Filed under: Capitalism, Domestic Policy, Economy, Environment, Politics | Tags: Corporate Do-Gooders, Maximizing Profits, Social Responsibility
“Should Corporations Be Do-Gooders?”was the provocative headline on an essay in the Atlantic last week. There are certainly loud voices insisting that they should, though they don’t express it in such crass terms. Do-Gooders is more carefully expressed in terns like “corporate social responsibility.” which can refer to anything from recycling their waste paper to the attempt to prove just how “Green” they are.
Milton Friedman wrote a classic essay “The Social Responsibility of Corporations” where he argues that the sole responsibility of corporations is to strictly maximize profits, and it is from that that their contribution to society arises. Those who take the other tack are usually those who are deeply uncomfortable with the idea of a corporation in the first place. “Corporate power” is second only to “Race” as a major concern of the Progressive.
Progressives, as demonstrated by the Occupy crowd in particular and the Left in general, are unclear about profit; and notably furious about the Citizens United decision that allows a corporate voice in political questions in the form of money. They really dislike corporations and seem to think we would be better off without any, as evidenced by the laptops, iPhones, tents and sleeping bags in their squalid urban camps.
On the other hand, I am having a quiet rebellion against Diamond Matches. They are no longer sturdy wood sticks topped with a red and white striking end. Now the “Strike On Box Matches” — are “greenlight” “Sourced from Responsible Forests” with an” Earth in Mind solutions” logo.
I have spent a lifetime lighting a match with my thumbnail. Doesn’t work anymore, it usually breaks the skinnier matchstick, and the new green ends don’t light worth a darn. The ‘strike on box’ feature that has replaced the sandpaper strip that assured an instant light seldom works. I am now keeping a Bic lighter in the cupboard to light my green match with. And, as far as I can tell, Diamond has a monopoly on the wood match business unless I want to order from India.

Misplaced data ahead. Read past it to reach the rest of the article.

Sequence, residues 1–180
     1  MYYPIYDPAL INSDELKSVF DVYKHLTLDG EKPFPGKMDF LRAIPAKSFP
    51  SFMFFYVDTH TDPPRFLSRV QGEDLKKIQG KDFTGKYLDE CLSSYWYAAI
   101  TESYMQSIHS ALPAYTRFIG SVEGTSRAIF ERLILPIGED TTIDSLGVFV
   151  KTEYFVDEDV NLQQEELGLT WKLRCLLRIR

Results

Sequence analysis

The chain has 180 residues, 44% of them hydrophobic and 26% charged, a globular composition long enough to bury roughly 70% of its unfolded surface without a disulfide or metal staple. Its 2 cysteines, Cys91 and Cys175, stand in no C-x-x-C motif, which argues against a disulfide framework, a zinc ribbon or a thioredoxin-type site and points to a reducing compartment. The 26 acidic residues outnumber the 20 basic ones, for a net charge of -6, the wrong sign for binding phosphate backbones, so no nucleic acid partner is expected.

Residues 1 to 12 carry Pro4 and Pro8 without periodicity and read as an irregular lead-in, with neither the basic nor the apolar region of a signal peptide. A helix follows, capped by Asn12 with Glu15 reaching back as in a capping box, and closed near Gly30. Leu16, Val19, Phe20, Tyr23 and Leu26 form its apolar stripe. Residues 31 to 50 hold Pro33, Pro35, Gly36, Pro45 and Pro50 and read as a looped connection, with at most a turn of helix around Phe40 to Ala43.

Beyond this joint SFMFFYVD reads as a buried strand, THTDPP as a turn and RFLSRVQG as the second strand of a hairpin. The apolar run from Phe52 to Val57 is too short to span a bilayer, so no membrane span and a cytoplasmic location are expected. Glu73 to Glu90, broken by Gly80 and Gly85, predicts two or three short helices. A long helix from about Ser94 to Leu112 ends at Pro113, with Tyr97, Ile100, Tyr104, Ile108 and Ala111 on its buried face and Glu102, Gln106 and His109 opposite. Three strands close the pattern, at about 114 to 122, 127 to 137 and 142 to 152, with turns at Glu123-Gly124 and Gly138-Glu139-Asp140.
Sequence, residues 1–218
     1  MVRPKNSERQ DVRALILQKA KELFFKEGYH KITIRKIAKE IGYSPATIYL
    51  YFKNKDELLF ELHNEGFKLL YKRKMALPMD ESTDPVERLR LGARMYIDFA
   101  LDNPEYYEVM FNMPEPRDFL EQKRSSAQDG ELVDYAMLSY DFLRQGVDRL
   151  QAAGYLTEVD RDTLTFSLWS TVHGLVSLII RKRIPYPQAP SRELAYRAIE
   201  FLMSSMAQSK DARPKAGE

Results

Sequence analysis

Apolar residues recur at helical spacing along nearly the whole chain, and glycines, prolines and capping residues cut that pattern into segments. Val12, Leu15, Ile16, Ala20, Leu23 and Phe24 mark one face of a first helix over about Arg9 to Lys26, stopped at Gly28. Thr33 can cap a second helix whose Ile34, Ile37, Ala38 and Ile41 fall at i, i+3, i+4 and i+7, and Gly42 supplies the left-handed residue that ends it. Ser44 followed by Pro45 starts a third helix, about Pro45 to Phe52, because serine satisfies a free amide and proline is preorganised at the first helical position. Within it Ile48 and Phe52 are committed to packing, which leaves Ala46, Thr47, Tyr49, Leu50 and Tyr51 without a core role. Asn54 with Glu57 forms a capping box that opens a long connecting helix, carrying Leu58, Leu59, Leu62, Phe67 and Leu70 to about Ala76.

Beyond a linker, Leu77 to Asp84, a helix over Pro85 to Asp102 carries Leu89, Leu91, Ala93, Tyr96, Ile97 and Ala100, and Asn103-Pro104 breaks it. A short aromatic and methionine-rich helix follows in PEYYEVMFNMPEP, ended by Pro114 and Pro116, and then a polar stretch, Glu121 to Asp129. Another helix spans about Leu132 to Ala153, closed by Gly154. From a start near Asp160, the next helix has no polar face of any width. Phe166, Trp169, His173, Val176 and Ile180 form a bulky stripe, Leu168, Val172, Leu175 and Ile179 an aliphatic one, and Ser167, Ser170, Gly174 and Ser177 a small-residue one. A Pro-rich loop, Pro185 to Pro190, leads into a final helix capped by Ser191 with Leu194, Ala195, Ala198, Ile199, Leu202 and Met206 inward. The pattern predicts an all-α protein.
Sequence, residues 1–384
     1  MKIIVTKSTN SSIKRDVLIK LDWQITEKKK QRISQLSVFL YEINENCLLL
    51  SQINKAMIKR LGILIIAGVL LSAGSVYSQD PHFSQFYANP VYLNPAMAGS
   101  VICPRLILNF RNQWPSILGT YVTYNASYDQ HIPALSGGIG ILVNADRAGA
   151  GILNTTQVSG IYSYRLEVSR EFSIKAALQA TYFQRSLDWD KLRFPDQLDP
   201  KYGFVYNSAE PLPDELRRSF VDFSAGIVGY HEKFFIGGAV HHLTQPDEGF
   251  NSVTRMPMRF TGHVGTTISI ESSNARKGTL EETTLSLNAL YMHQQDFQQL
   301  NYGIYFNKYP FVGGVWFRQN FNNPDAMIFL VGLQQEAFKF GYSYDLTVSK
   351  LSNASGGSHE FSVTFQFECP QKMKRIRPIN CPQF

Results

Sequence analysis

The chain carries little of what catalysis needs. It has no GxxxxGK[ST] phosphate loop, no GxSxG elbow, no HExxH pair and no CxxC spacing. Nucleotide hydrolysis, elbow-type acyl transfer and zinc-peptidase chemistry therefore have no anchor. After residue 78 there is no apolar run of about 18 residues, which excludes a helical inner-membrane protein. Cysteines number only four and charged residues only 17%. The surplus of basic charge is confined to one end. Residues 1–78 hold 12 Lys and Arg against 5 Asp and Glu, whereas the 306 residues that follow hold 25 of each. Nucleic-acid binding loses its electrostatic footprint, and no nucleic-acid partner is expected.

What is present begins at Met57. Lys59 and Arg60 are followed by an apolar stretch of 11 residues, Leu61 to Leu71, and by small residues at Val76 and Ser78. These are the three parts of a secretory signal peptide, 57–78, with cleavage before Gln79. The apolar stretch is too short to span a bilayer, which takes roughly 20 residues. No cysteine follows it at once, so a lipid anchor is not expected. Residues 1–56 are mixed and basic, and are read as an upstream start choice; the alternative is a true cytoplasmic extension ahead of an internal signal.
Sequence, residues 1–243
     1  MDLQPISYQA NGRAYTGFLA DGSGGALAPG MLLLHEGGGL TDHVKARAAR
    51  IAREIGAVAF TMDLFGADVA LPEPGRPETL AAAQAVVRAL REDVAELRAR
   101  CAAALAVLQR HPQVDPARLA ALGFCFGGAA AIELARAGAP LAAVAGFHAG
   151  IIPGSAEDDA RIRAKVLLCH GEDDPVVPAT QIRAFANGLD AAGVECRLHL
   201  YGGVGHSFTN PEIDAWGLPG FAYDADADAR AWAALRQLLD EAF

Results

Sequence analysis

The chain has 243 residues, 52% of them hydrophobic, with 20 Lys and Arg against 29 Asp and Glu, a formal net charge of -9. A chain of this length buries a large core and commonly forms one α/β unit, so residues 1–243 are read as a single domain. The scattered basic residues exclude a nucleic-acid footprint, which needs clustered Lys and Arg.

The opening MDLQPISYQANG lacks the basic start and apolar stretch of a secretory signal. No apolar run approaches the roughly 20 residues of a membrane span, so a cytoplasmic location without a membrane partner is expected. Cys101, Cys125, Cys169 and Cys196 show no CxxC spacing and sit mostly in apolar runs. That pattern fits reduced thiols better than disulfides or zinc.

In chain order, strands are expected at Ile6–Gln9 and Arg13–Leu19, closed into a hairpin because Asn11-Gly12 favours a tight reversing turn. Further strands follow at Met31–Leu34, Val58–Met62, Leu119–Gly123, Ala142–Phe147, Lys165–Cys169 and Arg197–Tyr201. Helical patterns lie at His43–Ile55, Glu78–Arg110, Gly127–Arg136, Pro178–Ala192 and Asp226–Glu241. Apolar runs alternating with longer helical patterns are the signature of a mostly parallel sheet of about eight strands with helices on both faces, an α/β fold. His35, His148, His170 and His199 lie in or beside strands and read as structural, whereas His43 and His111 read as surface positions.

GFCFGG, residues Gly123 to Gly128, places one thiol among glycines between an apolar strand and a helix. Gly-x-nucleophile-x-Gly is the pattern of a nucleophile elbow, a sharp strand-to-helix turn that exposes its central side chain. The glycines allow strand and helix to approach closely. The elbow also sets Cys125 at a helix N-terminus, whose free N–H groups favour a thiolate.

This seems to be a sure sign that the corporation was singled out by green activists who threatened them with demonstrations or worse. What the hell is a “responsible forest?” Usually it means don’t cut any trees, build any roads, and don’t cut the pretty bushes. Greens have a hard time understanding that trees are a renewable resource, that forests without roads and never thinned are subject to devastating wildfire.
I’m with Milton Friedman. But in an era when every group requires donations in order to do their particular good work, the demand for contributions is constant. You will notice that the great charities never solve their problems. The March of Dimes was founded to support Polio. When that disease was conquered, they didn’t disband, but moved smoothly to another cause.
Let the marketplace decide. A lot of companies jumped on the ‘green’ bandwagon, and are discovering that while most people want clean air and clean water, and do not want nature despoiled — they are unprepared to support radical greens who know no limits.
Diamond got suckered in. “Diamond© Greenlight™Matches – 1st American Match sourced from responsibly managed Aspen forests of Minnesota. FSC Certification guarantees that Diamond© Greenlight™ Matches comply with strict socioeconomic & environmental standards of selective cutting regulations and land management. (This comes from the Forest Stewardship Council, a nonprofit bully) Diamond also recycles, requests that you recycle, and is committed to environmentally responsible packaging and products.” Oh yes, made in USA since 1881. ( all on the box)
I just want a match that lights first time I try to strike it, and I’d still prefer to be able to use my thumbnail.
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